At last! Hopeful signs on the milkweed! I spotted a monarch butterfly flying over the patio sometime in June, and hoped it was a female that was ready to lay her eggs on our lush potted milkweed plants. She may have returned to our milkweed pots shortly after, because early July, instead of caterpillars I discovered three tiny eggs on narrow-leafed milkweed plants in one of the pots. In previous years we discovered monarch caterpillars already in first instar on our milkweed plants during the first week of July. So this year the monarchs in our area may be reproducing later in the season. The eggs here probably measure less than 1/16th of an inch. Last year and the previous year the monarch

A Chestnut-Backed Chickadee visits

Aha! Finally caught some photos of a chestnut-backed chickadee. This happened by chance. I was standing with the camera on our patio observing some bees on the California figwort. And suddenly, with a great flapping of wings, this chickadee landed on a branch of a large potted rosebush. Some of the long branches of the figwort are pushing through the rosebush. You can see the distinctive little figwort buds here center right. It was in the very late afternoon, and I think the chickadee was after tiny insects in the rosebush. By the look of the feathers I think this is a young chickadee. I'm so thrilled to have had this encounter, because I often hear the chestnut-backed chickadees singing an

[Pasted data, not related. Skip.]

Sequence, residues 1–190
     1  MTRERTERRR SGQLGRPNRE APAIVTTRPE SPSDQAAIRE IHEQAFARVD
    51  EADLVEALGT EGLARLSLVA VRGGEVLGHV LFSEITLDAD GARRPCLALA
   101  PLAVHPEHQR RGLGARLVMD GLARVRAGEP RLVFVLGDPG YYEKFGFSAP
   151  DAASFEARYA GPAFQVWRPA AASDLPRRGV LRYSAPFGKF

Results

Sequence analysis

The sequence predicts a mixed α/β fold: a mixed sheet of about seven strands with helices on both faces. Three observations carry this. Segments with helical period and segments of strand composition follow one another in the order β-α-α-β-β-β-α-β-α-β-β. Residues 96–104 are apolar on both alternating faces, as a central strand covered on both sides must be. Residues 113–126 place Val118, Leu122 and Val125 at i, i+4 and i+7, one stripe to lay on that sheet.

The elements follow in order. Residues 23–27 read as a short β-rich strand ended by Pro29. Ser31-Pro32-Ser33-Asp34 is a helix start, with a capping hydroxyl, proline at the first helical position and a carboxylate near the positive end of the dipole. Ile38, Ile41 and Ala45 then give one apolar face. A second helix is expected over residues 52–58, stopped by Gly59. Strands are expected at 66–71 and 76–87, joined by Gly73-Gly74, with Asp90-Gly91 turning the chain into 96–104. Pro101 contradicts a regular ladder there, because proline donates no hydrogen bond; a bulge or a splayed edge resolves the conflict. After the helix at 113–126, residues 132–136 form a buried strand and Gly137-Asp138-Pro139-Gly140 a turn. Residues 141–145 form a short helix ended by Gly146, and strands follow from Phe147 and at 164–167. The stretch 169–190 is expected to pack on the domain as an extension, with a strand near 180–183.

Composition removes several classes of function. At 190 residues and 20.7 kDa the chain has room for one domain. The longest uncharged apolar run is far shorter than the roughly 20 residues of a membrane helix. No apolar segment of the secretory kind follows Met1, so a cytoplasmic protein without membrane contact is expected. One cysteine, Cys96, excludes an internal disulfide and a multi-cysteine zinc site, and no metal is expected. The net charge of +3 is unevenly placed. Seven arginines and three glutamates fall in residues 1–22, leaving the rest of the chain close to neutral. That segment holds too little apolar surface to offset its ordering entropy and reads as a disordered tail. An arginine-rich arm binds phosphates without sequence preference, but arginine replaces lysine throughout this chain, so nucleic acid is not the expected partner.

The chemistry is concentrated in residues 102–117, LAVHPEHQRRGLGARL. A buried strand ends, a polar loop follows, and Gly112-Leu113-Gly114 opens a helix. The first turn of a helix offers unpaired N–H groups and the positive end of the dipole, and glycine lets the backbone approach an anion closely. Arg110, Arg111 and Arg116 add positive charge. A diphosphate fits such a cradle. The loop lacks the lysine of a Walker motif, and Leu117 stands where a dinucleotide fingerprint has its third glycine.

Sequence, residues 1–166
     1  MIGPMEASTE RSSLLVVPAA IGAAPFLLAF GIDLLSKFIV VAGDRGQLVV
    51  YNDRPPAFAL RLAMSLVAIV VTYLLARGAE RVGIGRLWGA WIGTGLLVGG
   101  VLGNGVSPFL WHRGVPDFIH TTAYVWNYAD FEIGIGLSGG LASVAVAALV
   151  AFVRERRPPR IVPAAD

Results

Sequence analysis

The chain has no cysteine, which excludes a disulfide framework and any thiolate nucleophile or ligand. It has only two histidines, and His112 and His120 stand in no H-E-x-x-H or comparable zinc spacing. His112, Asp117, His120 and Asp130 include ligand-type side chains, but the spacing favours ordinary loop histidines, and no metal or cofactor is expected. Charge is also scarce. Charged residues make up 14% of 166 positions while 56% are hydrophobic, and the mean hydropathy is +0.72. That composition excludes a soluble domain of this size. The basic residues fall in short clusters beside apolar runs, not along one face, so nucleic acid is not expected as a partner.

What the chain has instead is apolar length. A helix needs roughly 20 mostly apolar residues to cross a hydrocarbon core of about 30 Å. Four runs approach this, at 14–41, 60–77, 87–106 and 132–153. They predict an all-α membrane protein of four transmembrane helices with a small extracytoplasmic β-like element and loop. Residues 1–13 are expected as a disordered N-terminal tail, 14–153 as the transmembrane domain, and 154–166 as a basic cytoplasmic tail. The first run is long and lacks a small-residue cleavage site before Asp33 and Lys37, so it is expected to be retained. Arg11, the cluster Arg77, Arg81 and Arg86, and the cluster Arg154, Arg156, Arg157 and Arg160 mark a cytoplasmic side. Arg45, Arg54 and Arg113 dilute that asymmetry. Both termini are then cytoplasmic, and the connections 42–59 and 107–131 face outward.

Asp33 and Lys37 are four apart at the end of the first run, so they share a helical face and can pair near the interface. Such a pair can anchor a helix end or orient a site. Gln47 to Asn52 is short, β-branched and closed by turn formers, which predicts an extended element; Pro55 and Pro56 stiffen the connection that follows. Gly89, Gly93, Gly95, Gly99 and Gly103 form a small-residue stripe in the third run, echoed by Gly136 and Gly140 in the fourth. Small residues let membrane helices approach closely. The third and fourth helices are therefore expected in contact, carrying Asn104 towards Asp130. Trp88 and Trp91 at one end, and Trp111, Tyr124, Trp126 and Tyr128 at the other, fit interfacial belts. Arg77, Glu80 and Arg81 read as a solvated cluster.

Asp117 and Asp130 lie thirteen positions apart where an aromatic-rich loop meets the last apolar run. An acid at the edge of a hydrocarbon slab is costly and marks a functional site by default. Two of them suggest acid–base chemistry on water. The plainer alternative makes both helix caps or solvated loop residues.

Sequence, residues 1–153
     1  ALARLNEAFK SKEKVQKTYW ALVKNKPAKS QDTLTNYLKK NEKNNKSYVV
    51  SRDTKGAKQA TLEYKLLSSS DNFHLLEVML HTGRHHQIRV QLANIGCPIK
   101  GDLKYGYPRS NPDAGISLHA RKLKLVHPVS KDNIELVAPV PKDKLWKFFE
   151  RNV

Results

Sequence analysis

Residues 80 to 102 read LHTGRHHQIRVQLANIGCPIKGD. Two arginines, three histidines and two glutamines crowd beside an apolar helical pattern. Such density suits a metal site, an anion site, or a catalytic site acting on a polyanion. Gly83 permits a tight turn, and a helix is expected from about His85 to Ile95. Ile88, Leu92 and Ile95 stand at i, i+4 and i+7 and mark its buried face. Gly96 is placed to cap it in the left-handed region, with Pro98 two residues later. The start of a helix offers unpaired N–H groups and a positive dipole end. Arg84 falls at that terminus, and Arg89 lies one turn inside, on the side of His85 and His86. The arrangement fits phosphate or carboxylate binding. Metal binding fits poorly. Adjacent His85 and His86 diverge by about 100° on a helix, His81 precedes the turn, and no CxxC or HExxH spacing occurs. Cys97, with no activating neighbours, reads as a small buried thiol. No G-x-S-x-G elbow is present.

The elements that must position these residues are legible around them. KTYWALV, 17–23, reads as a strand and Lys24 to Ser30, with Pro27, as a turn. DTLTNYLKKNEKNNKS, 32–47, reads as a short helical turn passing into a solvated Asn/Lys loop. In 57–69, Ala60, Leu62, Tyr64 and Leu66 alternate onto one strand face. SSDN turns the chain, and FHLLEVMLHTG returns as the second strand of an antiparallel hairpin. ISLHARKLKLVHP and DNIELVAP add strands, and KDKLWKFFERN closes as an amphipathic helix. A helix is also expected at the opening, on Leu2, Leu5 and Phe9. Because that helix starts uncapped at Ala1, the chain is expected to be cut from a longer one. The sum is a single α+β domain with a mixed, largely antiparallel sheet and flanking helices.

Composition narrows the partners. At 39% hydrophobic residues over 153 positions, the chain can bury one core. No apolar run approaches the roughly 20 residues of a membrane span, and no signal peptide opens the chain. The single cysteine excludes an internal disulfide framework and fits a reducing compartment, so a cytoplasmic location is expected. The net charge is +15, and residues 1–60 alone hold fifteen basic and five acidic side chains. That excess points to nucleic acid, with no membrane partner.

Another Leaf Cutting Bee Sighting